Greater Anglia came away from Tuesday evening’s Cycle-Rail Awards with wins in three categories following an awards ceremony held at the Palace of Westminster and attended by Transport Minister, Stephen Hammond despite the fact the company may extend its ban on carrying non-folding bikes during rush hour to all services.
Now in their ninth year since the Association of Train Operating Companies (ATOC) assumed responsibility for their organisation – under previous guises, the awards actually date back to 1997 – they come after a year in which record numbers of travellers chose to combine bicycles and trains for their journeys.
According to organisers, some 39 million cycle-rail journeys are now made annually, reflecting an increase of 40 per cent since 2009. Further growth is expected through £25 million of investment in bike-friendly initiatives across the rail network, including growing the number of cycle parking spaces to 70,000 as well as providing 30 cycle hubs.
Among this year’s awards winners are:
• Greater Anglia, which now has cycling facilities at 88% of its stations including more than 7,000 cycle parking spaces.
• Merseyrail, whose pioneering Bike & Go scheme has been rolled out beyond the operator’s routes and is now available at more than 50 stations in the North West, Anglia and South East.
• First Capital Connect, whose joint security initiative with the British Transport Police led to a dramatic fall in cycle crime at stations. The scheme included offering free locks and security etching to cyclists, and dedicated cycle wardens.
• South West Trains, whose efforts have resulted in a significant increase in cycling and are now responsible for around 25% of Britain’s cycle-rail access.
Michael Roberts, ATOC Chief Executive and Director General of the Rail Delivery Group, commented: “This year saw the launch of the government’s door to door strategy, and the rail industry is committed to playing a key part in delivering that vision.
“We have made great strides in not only providing more and better cycling facilities at stations, but also in encouraging greater numbers of passengers to combine cycle and rail travel.
“We congratulate all of the winners on their innovative work.”
Mr Hammond added: “Used in combination, bike and rail offers one of the most environmentally friendly forms of travel so it is important to give people the choice to travel this way.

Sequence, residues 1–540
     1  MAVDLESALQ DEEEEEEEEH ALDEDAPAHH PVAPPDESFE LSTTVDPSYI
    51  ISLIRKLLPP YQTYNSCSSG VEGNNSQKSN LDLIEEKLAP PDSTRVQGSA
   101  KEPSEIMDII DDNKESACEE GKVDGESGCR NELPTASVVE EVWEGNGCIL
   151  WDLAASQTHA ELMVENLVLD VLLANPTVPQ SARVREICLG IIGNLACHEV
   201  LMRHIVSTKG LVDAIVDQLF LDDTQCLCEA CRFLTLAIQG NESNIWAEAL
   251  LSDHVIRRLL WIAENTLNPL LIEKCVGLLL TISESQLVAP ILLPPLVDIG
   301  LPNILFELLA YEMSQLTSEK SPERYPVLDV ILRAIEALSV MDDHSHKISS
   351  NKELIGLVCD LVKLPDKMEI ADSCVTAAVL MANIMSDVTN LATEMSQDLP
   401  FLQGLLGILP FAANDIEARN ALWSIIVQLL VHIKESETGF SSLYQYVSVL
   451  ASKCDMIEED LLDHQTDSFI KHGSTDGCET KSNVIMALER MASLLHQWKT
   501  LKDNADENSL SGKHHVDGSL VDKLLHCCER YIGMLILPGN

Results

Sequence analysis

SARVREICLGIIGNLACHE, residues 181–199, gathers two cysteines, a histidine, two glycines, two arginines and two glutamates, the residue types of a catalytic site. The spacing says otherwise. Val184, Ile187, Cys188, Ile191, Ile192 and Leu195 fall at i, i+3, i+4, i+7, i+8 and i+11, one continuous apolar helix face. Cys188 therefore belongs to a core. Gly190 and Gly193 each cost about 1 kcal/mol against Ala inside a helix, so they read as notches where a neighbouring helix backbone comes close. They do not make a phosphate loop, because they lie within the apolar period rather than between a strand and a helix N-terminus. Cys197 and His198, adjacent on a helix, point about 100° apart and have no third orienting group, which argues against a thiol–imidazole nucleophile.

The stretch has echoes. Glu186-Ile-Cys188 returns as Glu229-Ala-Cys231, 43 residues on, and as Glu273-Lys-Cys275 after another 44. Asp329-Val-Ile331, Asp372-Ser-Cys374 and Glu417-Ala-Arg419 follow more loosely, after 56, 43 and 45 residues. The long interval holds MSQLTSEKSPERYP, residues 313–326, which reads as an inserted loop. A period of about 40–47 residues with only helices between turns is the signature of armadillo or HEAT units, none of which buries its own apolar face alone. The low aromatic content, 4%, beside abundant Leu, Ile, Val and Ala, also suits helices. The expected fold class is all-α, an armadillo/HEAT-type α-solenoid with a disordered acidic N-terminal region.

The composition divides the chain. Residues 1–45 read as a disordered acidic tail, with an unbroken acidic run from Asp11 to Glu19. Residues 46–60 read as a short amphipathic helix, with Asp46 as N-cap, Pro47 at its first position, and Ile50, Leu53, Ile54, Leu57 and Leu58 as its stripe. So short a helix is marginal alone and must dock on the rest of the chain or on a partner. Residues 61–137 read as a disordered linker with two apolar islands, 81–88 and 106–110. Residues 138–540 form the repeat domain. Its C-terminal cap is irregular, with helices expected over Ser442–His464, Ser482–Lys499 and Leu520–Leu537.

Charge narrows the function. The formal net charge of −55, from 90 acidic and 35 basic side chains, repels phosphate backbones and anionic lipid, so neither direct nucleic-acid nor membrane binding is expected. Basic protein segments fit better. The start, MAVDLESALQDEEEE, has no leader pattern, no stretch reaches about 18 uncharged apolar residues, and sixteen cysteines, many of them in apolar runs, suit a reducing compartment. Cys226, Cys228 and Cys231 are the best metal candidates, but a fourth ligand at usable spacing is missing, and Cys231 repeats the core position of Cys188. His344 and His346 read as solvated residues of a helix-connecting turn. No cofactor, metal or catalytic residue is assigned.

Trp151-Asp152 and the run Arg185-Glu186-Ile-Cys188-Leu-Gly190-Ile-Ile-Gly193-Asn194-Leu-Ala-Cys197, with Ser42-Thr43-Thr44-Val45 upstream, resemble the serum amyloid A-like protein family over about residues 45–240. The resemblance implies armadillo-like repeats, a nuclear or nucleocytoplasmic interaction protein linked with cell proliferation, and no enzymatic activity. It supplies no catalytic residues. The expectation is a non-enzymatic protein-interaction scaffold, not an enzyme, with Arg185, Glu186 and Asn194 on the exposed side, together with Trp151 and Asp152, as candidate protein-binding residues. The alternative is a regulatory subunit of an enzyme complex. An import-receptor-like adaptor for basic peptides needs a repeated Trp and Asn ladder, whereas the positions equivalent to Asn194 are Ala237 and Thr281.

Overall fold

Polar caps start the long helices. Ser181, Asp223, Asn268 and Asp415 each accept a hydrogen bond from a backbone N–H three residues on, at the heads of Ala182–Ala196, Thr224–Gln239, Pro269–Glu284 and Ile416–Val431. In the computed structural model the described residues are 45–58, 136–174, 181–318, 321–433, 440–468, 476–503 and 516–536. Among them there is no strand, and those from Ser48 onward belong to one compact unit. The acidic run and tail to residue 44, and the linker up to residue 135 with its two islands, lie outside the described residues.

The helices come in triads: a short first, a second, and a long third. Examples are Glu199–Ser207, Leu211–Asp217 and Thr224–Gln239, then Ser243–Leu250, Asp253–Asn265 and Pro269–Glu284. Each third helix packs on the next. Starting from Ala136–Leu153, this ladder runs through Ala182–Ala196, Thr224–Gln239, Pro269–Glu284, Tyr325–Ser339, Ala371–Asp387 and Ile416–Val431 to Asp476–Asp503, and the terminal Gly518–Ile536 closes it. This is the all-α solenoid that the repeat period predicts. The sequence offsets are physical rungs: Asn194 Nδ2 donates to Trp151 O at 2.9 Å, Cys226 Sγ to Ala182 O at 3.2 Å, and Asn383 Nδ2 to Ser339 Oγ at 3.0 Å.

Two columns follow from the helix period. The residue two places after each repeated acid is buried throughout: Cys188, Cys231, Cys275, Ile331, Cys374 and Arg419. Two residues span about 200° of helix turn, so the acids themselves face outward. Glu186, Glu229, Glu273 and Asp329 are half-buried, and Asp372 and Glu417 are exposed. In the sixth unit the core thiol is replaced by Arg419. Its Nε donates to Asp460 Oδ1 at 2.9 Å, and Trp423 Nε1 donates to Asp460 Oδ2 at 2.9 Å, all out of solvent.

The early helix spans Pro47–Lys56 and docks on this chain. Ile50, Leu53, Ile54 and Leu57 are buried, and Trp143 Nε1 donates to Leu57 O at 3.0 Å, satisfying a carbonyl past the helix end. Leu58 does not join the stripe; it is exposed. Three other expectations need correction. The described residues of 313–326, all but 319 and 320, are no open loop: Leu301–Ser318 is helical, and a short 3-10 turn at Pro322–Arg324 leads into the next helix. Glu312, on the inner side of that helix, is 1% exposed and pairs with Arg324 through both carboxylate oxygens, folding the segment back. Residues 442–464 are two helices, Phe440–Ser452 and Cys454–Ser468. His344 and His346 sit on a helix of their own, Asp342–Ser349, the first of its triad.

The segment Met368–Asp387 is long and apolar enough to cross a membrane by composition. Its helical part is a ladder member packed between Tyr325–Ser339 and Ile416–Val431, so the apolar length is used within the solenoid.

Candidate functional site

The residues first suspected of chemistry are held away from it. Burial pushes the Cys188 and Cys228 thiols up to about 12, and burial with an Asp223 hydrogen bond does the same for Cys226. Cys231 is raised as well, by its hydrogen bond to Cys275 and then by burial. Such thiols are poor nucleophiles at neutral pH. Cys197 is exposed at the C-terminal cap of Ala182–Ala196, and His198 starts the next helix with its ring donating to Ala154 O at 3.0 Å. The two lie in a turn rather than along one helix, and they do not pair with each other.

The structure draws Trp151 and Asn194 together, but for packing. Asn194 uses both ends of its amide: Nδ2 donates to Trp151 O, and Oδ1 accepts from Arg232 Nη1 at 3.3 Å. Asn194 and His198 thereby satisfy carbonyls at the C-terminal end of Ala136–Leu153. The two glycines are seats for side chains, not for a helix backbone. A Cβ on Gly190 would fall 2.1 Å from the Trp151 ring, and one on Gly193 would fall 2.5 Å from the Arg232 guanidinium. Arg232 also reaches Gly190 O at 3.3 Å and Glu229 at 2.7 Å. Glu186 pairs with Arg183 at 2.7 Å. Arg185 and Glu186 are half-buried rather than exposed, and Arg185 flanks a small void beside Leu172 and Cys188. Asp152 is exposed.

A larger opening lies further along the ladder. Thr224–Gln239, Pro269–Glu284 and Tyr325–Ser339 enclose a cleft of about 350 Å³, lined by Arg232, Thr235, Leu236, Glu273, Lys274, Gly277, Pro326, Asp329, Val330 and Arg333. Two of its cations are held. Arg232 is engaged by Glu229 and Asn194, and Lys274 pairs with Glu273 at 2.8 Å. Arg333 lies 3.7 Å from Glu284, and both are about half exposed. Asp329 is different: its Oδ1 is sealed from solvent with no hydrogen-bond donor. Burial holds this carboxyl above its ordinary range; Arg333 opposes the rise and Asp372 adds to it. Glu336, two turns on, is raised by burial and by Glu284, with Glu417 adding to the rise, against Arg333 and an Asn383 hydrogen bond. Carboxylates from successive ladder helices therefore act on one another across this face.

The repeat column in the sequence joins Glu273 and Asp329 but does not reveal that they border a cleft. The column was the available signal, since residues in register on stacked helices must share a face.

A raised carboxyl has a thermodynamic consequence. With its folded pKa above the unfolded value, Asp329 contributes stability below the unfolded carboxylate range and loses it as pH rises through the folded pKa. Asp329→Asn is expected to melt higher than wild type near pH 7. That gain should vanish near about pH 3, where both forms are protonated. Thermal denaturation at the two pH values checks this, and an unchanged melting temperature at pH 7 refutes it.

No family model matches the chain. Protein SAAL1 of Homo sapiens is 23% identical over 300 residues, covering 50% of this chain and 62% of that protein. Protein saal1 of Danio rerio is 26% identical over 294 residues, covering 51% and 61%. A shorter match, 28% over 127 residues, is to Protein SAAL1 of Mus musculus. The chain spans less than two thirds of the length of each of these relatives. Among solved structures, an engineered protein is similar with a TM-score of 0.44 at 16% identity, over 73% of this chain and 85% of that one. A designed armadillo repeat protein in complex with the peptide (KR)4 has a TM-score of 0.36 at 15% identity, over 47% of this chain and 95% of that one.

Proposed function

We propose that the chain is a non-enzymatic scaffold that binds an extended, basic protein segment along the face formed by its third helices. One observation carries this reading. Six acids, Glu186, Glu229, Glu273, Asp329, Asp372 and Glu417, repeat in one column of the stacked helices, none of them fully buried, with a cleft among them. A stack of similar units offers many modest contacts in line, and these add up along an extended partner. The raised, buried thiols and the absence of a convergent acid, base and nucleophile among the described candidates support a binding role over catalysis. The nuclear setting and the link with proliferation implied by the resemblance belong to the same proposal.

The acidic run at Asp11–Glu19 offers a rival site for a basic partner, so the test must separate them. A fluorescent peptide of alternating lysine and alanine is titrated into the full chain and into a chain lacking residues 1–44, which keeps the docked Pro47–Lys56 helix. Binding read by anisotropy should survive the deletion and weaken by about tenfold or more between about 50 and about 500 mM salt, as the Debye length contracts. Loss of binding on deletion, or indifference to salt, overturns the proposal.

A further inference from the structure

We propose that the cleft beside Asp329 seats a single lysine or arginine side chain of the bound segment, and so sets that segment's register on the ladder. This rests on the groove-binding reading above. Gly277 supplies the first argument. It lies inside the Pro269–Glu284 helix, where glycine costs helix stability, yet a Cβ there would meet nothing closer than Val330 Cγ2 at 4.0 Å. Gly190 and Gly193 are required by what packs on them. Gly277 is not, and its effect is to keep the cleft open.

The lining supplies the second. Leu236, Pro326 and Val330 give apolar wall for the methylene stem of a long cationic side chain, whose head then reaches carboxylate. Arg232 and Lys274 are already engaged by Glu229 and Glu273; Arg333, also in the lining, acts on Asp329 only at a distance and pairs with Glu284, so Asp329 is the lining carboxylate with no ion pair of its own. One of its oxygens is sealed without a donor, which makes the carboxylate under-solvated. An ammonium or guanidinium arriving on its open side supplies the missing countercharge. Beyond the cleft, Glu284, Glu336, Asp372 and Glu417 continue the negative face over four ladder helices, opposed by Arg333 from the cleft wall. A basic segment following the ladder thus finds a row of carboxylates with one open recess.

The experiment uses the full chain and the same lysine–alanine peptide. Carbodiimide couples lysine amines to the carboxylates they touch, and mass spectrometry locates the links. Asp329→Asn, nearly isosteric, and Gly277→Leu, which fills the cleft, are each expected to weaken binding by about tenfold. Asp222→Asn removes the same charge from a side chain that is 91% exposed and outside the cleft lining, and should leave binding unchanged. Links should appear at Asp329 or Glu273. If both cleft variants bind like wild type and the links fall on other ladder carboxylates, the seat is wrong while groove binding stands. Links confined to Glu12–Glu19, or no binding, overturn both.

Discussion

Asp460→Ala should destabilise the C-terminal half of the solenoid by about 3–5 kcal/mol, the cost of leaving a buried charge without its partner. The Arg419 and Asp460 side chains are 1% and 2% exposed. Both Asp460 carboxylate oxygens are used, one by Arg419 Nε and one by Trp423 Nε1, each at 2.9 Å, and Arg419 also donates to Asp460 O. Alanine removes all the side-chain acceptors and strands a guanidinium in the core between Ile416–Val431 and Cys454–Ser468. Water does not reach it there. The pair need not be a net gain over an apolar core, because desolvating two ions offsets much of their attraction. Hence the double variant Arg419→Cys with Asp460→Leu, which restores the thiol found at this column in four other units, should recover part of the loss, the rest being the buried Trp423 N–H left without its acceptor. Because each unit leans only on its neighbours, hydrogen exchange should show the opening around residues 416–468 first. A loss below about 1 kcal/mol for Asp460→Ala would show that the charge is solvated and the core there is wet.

“That’s why working together with the train companies, Network Rail and TfL we’re investing more than £25 million to improve cycle facilities at around 350 stations across the network.”
The fact it was Greater Anglia that came away with more awards than any other company on the night may however raise eyebrows among some cyclists who use its trains.
As we reported in October, while it is investing in bike parking and cycle hubs, its draft cycling strategy, which was open for consultation until 1 November, suggests that the company is planning to extend a ban on non-folding bikes on rush hour trains to other times of the day too.
The draft policy says: “We will keep these restrictions under review, but as the use of our services continues to grow, we believe that we and future franchisees will have to consider a widening of the restrictions to cover other routes and services.”
It’s worth noting, however, that the Greater Anglia franchise is operated by Abellio – which is the international business of Dutch state railway operator, Nederlandse Spoorwegen.
Similar restrictions exist in the Netherlands although railway cycle parking there is plentiful, something the company is bringing to the UK through the development of cycle hubs at stations such as Leeds and Chelmsford, both already open, and Cambridge.
Moreover, as road.cc user AV Lowe pointed out in a comment to that article, often the problem is that current rolling stock itself is often not ideal for carrying bikes.
Operators have to comply with Department for Transport (DfT) requirements for fixed seating and balance that against their own desire to provide access for wheelchairs, bicycles and pushchairs as well as providing space for safety equipment and services such as buffet cars on some trains.
That means that operators’ hands are often tied as to what they can and cannot do, and his suggestion was to lobby the DfT to allow them greater flexibility.
The full list of winners of the 2013 Cycle-Rail Awards is:
• Best Customer Service – Winner: Greater Anglia
• Partnership Working and Local Government Schemes – Winner: Greater Anglia
• Innovation – Winner: Bike & Go, Merseyrail
• Cycle Champion – Winner: Larry Heyman, First Capital Connect
• Door to Door Journeys including Station Travel Plans – Winner: Stirling Cycling Hub, ScotRail / Forth Environment Link
• London Cycle Parking – Winner: Peckham Rye Station, Southern
• Cycle Security Award – Winner: First Capital Connect
• Station of the Year – Winner: Chelmsford, Greater Anglia
• Operator of the Year – Winner: South West Trains
• Photography Competition – Winners: Catherine Murphy, ‘Waiting at the Station’ (pictured above) and Phil Dominey, ‘Thinking Ahead/Looking Forward’ (below).
They love putting various road works signs on the cycle lane over Caversham Bridge. Mostly for things that don't really relate to the cyclists.
One of the closest passes I have seen on here....
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Since it's still a BSO, I don't the slightly compressed version being accepted as luggage.
As it's a parallel crossing, the driver does of course have exactly the same obligation. Though I think perhaps you are being ironic. HWC195.
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